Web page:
Musky America Magazine October 2023 Edition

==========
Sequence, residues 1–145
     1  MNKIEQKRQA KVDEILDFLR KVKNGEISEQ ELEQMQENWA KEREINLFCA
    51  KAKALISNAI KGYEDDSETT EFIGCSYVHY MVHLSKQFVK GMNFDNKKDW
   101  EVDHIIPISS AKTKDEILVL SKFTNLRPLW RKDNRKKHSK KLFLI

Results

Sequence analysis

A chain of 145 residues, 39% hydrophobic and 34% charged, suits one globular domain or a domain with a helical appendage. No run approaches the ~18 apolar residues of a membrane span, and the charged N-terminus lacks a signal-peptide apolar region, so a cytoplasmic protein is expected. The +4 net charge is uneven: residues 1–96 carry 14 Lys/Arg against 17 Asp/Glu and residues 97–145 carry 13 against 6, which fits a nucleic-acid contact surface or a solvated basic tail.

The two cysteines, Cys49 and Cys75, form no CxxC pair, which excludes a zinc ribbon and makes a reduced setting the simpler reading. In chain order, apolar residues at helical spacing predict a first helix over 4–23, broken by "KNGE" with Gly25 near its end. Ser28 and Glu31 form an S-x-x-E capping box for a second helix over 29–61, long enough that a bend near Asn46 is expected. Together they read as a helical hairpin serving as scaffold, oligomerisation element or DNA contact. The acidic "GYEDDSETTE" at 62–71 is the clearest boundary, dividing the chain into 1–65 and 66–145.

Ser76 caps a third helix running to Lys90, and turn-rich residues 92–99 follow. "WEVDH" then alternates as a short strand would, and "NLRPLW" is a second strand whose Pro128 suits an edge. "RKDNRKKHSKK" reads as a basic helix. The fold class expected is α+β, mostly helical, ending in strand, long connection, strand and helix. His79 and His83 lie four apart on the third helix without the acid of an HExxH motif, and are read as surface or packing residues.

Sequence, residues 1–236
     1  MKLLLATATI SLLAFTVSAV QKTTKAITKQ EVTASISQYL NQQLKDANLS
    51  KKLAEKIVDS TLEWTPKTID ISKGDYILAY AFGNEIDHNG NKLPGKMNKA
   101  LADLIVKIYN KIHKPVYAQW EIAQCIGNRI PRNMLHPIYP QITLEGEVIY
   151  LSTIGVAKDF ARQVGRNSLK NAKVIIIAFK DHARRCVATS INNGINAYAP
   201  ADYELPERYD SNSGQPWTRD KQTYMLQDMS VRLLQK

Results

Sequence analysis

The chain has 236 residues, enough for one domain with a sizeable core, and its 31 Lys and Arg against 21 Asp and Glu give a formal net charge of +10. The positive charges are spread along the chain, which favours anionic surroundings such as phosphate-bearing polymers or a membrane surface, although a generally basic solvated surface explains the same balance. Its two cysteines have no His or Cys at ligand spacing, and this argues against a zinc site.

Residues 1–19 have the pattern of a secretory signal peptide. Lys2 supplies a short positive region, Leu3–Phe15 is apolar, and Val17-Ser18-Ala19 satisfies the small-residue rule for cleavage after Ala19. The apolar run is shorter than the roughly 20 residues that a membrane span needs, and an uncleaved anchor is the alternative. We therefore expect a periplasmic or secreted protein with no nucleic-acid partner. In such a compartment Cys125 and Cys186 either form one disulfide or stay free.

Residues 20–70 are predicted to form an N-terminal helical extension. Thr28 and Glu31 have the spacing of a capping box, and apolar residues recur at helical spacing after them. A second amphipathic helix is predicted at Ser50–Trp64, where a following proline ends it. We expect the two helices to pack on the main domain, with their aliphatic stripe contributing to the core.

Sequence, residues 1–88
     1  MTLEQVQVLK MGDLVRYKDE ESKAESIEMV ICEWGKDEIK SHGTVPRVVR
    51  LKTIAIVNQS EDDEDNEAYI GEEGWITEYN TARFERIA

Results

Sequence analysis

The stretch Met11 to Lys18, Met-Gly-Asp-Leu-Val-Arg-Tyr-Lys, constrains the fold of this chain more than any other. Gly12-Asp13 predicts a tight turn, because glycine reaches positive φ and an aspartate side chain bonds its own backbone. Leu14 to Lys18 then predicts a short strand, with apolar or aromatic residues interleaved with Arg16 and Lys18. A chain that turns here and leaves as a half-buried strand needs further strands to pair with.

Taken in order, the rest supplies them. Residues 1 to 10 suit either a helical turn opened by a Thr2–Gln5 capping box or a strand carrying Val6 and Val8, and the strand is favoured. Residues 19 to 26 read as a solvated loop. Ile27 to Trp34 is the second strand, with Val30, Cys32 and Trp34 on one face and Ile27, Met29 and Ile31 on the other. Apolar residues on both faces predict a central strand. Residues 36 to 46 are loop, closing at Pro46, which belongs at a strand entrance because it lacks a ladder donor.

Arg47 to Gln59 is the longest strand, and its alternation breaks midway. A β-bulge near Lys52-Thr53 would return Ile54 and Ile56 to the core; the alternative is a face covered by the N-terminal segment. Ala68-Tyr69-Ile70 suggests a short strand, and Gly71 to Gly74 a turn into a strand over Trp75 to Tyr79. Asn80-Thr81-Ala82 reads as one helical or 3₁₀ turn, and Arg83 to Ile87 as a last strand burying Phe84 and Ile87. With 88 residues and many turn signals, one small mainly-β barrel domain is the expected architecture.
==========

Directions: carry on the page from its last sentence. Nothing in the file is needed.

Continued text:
than a single strand of Titanium wire that is .018 - .025 of an inch in diameter. The reason for that is related to the exaggerated bending and twisting associated with the wire. The matter boils down to a question of confidence. When you use a traditional steel leader, you can tell when it is time to replace the leader based upon evidence of bending and the stress of use. Unlike the steel leader, the Titanium leader does not display any indication that a problem exists regarding the fatigue of the metal. The illustration shown here demonstrates that metal fatigue can exist in the sub-surface of the metal without any external indication of failure. All of a sudden, the leader fails, and you are left to wonder what in the heck happened. So, what can be done? Well, you cannot change the basic characteristic of metal to fatigue. Certainly, leaders get one heck of a workout during a Musky season and there is no formula that one could apply that would forecast a threshold for replacement. Another area of concern with Titanium leaders, and any other leader that uses a mechanical crimp to close the leader loops, is related to pull strength. There have been problems reported with leader crimps pulling out at less than the rated strength of the leader. Before you buy a leader using crimps, you might want to ask if each leader is "pull tested" to verify its rating. As a general rule of thumb, you can replace your Titanium leaders at the end of each Musky season. Of course, that can be costly but the possibility of losing a Musky to a failed leader far outweighs the cost associated with leader replacement or you